Movie #55 2020: Rear Window (1954)

I don’t even know where to start with this one.

Obviously a classic, Rear Window is just one of those movies I’d never been compelled to watch before. But my God, I was blown away.

Often regarded as one of Alfred Hitchcock‘s top five movies, this is the story of a dashing man named L.B. Jefferies (played by James Stewart), who is bound to his own apartment with a broken leg when he suddenly observes some strange goings on when he peers through his window.

With the supporting cast including everyone’s favourite princess after Diana, Grace Kelly, I don’t even feel the need to mention how perfect each and every performance was. I will say this, though: they are outstanding. Kelly and Stewart particularly shine in scenes in which they argue, and every other scene therein.

Now, I can’t claim to know enough about the technical aspects of film to know what kind of film or camera this was shot on, but the colours are so brilliantly vibrant that it’s a sight for sore eyes. The opening shot which circles the apartment complex – the only setting throughout the entire movie – is just gorgeous and possibly one of the most famous opening establishing shots of all time. In one fell swoop it gives the viewer a glimpse into each character’s life without any of them even speaking. It is just a simply genius directorial choice.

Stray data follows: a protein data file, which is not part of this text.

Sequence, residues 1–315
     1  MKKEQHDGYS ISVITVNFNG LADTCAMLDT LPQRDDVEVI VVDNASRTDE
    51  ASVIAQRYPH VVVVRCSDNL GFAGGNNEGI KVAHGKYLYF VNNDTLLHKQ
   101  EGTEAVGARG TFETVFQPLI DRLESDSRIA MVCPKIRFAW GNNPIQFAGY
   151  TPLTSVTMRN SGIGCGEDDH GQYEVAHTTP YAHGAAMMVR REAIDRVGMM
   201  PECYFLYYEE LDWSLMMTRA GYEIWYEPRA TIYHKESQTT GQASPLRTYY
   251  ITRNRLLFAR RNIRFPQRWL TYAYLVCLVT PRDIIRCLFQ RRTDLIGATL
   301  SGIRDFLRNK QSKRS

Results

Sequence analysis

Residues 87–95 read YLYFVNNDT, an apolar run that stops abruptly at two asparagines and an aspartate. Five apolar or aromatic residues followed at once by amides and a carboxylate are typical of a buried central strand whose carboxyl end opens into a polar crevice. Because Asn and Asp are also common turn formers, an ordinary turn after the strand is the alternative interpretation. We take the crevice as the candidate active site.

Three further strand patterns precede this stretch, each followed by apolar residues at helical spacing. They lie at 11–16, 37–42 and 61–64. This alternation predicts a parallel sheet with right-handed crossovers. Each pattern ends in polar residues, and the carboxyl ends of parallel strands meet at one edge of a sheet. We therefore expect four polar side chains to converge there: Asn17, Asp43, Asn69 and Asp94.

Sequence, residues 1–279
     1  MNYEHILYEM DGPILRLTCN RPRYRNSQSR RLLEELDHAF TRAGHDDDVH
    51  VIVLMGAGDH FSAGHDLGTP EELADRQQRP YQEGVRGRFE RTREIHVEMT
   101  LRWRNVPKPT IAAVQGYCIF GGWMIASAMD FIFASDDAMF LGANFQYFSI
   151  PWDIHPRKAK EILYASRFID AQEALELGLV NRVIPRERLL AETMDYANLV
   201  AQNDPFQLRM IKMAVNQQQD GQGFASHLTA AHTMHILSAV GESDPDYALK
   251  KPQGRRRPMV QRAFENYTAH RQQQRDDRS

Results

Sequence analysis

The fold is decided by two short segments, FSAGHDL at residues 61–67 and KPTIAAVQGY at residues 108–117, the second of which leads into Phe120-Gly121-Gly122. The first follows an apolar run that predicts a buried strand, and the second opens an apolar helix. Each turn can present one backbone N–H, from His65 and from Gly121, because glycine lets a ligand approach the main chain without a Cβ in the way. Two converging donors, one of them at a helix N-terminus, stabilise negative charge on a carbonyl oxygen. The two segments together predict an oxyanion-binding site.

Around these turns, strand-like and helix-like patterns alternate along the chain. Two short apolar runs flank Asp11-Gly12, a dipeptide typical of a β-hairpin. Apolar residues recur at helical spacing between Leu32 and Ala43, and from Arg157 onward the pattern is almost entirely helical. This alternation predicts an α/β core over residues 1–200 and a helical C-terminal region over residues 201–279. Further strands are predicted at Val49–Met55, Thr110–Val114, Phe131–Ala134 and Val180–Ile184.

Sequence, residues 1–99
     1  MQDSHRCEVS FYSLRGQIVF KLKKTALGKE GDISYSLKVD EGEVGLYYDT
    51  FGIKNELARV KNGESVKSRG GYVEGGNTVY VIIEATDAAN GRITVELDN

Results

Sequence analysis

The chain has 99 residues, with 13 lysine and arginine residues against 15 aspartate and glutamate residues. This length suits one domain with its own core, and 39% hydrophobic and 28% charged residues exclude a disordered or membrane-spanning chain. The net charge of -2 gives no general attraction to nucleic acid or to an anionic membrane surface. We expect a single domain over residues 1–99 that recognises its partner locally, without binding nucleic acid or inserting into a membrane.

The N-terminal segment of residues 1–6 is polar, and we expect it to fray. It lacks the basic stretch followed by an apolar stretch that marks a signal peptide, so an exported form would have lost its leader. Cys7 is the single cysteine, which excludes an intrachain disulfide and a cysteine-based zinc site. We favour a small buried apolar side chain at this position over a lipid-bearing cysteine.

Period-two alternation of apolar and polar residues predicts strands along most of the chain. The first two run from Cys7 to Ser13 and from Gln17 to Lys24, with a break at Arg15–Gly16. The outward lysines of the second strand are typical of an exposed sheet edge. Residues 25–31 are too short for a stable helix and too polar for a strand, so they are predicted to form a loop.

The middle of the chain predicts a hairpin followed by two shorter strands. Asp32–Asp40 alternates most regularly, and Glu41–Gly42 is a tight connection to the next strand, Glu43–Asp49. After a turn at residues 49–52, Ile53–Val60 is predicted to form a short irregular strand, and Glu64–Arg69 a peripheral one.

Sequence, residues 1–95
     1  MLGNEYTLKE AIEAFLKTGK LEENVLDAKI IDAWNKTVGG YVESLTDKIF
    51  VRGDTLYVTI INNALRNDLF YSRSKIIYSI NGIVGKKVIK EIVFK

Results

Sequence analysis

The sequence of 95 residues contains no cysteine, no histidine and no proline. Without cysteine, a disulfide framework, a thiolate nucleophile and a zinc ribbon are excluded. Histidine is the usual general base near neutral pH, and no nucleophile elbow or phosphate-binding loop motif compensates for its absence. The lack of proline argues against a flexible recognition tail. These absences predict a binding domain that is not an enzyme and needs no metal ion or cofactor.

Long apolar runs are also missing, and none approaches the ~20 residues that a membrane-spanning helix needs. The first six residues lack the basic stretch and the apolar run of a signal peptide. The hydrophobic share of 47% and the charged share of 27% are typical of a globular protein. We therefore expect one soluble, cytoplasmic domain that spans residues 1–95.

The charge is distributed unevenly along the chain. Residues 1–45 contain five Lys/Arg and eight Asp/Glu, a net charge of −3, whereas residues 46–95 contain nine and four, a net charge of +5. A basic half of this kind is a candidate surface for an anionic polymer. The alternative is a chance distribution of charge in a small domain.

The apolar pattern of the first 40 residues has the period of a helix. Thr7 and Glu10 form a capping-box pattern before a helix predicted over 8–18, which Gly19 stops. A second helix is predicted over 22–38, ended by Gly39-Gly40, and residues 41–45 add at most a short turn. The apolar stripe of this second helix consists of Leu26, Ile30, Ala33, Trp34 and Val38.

Something that we all know often rears its head in Hitchcock’s movie is the theme of voyeurism. Rear Window however is unique in that it forces the viewer themselves to become the voyeur of a voyeur. This is such an interesting concept that I’m not actually sure I’ve seen used anywhere else. It’s almost as if the viewer is Jeffries – something that is hard to explain to someone who has never seen this movie – and this is where the brilliance lies.

What I especially love about this film is that there are no fancy effects, only one place setting throughout, no unnecessary dialogue to fill any silent gaps, some really effortlessly funny moments… For me, this is a piece of simple, uninterrupted, perfect cinema. It is, in fact, probably the closest to perfect movie I’ve seen so far this year. Every bit of it is absolutely needed, has its place, and there is no fluff whatsoever.

I’m not sure that I’ll ever get over how brilliant it is.

Rear Window is available on Sky Cinema and NowTV in the UK.

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